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Aus­tralian In­sti­tute of Ar­chi­tects new Tas­ma­nian branch pres­i­dent Yvette Breyten­bach says en­gag­ing an ar­chi­tect is key to achiev­ing cost-ef­fec­tive, sus­tain­able build­ings and ur­ban cen­tres, writes JARRAD BEVAN

Sunday Tasmanian - Tassie Living - - TASSLE LIVING - - Im­me­di­ate past pres­i­dent of the AIA’s Tas­ma­nian branch Brad Wheeler

New AIA Tas pres­i­dent’s blue­print for the fu­ture

EN­GAG­ING an ar­chi­tect is a val­ue­for-money in­vest­ment, says the new pres­i­dent of the Tas­ma­nian chap­ter of the Aus­tralian In­sti­tute of Ar­chi­tects, Yvette Breyten­bach.

Ms Breyten­bach said the ex­per­tise and knowl­edge of an ar­chi­tect was key to achiev­ing cost-ef­fec­tive, sus­tain­able build­ings and ur­ban cen­tres which will con­trib­ute to the long-term growth of Tas­ma­nia’s econ­omy, en­rich the cul­ture and sup­port com­mu­ni­ties.

“What is of­ten for­got­ten is that ar­chi­tects de­liver much more than func­tional build­ings and pleas­ing aes­thet­ics,” she said.

“They de­liver prob­lem-solv­ing so­lu­tions and cre­ate op­por­tu­ni­ties on mul­ti­ple lev­els. An ar­chi­tect is a valu­able part­ner who brings a spe­cialised skillset to any project, cov­er­ing four ar­eas of ex­per­tise: an­a­lyt­i­cal abil­ity, prac­ti­cal un­der­stand­ing, tech­ni­cal skills, and creative vi­sion and flair.

“I would like to see a shift to the point where should peo­ple have a build­ing project to un­der­take, they are not think­ing ‘shall I use an ar­chi­tect’ but rather ‘which one will I choose to work with?’.”

Ms Breyten­bach said ar­chi­tects were sub­stan­tial con­trib­u­tors to the de­sign of cities and towns and in­te­gral to the process of pro­vid­ing qual­ity open spa­ces, pro­tect­ing her­itage, ad­dress­ing af­ford­abil­ity and diver­sity, and con­nect­ing com­mu­ni­ties in a way that en­hances liv­abil­ity and sus­tain­able out­comes.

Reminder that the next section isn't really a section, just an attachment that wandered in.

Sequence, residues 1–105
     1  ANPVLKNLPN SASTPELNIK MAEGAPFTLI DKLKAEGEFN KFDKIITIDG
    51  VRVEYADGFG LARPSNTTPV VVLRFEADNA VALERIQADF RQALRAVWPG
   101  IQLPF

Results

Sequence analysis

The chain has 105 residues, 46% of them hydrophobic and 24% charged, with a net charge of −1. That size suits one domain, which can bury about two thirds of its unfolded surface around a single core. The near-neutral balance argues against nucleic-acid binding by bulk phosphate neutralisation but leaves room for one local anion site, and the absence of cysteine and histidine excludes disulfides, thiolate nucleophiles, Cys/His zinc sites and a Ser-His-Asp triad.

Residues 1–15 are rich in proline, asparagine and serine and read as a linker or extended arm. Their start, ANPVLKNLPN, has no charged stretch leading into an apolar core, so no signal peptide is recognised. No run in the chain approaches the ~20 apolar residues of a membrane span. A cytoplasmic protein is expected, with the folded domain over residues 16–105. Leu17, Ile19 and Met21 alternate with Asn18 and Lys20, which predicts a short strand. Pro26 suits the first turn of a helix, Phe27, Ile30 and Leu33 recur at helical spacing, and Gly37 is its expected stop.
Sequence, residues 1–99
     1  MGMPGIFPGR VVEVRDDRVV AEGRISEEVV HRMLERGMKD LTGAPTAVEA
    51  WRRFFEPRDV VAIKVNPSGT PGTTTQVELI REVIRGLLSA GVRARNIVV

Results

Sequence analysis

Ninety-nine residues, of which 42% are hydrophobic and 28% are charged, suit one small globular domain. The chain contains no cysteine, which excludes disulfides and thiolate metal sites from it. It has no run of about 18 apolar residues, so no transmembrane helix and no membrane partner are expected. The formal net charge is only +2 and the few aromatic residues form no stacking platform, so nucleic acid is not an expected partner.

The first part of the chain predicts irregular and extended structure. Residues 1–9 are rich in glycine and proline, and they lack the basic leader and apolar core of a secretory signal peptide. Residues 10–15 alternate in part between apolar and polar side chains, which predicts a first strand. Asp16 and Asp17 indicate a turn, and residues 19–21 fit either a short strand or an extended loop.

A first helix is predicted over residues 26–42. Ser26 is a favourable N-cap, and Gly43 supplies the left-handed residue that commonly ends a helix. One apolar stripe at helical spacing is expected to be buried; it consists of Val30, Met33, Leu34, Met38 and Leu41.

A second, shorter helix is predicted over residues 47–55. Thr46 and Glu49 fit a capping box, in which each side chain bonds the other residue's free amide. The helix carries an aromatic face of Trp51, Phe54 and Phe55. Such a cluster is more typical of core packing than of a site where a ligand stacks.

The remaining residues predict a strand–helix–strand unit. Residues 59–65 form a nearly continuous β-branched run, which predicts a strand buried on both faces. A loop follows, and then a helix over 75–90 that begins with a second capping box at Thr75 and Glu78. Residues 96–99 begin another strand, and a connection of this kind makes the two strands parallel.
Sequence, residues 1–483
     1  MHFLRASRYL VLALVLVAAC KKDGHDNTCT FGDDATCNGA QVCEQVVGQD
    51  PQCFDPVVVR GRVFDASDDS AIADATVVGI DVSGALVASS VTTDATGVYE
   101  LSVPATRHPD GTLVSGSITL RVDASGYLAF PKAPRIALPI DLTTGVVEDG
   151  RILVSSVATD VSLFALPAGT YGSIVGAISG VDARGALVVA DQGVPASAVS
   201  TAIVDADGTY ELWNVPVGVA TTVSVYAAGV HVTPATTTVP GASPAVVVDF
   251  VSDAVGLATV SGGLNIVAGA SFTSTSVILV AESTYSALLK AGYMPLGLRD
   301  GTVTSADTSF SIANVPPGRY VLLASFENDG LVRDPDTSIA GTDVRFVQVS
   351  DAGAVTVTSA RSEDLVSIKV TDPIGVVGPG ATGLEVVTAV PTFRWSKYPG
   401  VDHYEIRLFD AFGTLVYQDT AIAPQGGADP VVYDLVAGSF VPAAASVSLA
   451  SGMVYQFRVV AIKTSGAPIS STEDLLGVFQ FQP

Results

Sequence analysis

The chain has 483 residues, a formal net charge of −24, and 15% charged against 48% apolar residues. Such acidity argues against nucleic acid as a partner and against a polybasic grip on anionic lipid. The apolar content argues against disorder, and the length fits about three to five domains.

She said by ad­dress­ing chang­ing needs in a chang­ing world, sus­tain­able de­sign “sup­ports our econ­omy and en­sures com­fort­able, healthy, con­tem­po­rary en­vi­ron­ments” at home, school, work or play.

“Ben­e­fits in­clude im­proved per­sonal well­be­ing and mo­ti­va­tion, flex­i­ble work and learn­ing op­por­tu­ni­ties, in­creased pro­duc­tiv­ity and stu­dent en­gage­ment, and vi­brant, at­trac­tive pub­lic and com­mer­cial ur­ban space,” she said.

Ms Breyten­bach has be­gun a two-year term with the in­sti­tute tak­ing over the po­si­tion from Brad Wheeler.

Mr Wheeler will work closely with Ms Breyten­bach and pro­vide sup­port in his role as im­me­di­ate past pres­i­dent.

He said it had been an im­mense priv­i­lege to serve as state pres­i­dent of the In­sti­tute. “Our in­sti­tute is not sim­ply a lobby group; our mem­bers are pas­sion­ate about mak­ing Tas­ma­nia an even bet­ter place to live and work for the whole com­mu­nity. I wish Yvette well for her term and look for­ward to work­ing with her as we strive to achieve the best re­sults for our state.”

Our in­sti­tute is not sim­ply a lobby group; our mem­bers are pas­sion­ate about mak­ing Tas­ma­nia an even bet­ter place to live and work for the whole com­mu­nity

Pic­ture: RICHARD JUPE

ABOVE: Yvette Breyten­bach is look­ing for­ward to her new role with the Aus­tralian In­sti­tute of Ar­chi­tects. One of the Tas­ma­nian projects (right) to make the fi­nals in this year’s awards.

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